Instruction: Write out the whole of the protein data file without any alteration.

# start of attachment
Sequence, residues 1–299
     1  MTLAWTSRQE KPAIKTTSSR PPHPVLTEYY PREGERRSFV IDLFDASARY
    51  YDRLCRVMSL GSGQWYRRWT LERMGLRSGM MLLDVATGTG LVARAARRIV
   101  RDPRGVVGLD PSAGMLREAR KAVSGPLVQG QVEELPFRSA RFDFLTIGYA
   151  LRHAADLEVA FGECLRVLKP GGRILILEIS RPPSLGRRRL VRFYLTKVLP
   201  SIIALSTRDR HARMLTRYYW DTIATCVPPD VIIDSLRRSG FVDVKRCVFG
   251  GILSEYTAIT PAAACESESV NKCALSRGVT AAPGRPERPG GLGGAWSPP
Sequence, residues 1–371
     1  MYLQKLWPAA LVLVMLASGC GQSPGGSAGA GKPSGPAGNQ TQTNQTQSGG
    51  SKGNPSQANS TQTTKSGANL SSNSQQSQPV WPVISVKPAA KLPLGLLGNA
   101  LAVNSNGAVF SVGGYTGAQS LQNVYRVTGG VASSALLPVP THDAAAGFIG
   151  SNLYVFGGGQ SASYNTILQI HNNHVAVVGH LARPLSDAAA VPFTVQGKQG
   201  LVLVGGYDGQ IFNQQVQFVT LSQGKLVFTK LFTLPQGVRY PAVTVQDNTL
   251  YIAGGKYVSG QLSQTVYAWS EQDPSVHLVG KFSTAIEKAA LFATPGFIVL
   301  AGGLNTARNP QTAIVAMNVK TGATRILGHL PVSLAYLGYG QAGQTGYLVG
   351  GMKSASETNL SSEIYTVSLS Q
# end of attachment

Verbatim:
Sequence, residues 1–299
     1  MTLAWTSRQE KPAIKTTSSR PPHPVLTEYY PREGERRSFV IDLFDASARY
    51  YDRLCRVMSL GSGQWYRRWT LERMGLRSGM MLLDVATGTG LVARAARRIV
   101  RDPRGVVGLD PSAGMLREAR KAVSGPLVQG QVEELPFRSA RFDFLTIGYA
   151  LRHAADLEVA FGECLRVLKP GGRILILEIS RPPSLGRRRL VRFYLTKVLP
   201  SIIALSTRDR HARMLTRYYW DTIATCVPPD VIIDSLRRSG FVDVKRCVFG
   251  GILSEYTAIT PAAACESESV NKCALSRGVT AAPGRPERPG GLGGAWSPP
Sequence, residues 1–371
     1  MYLQKLWPAA LVLVMLASGC GQSPGGSAGA GKPSGPAGNQ TQTNQTQSGG
    51  SKGNPSQANS TQTTKSGANL SSNSQQSQPV WPVISVKPAA KLPLGLLGNA
   101  LAVNSNGAVF SVGGYTGAQS LQNVYRVTGG VASSALLPVP THDAAAGFIG
   151  SNLYVFGGGQ SASYNTILQI HNNHVAVVGH LARPLSDAAA VPFTVQGKQG
   201  LVLVGGYDGQ IFNQQVQFVT LSQGKLVFTK LFTLPQGVRY PAVTVQDNTL
   251  YIAGGKYVSG QLSQTVYAWS EQDPSVHLVG KFSTAIEKAA LFATPGFIVL
   301  AGGLNTARNP QTAIVAMNVK TGATRILGHL PVSLAYLGYG QAGQTGYLVG
   351  GMKSASETNL SSEIYTVSLS Q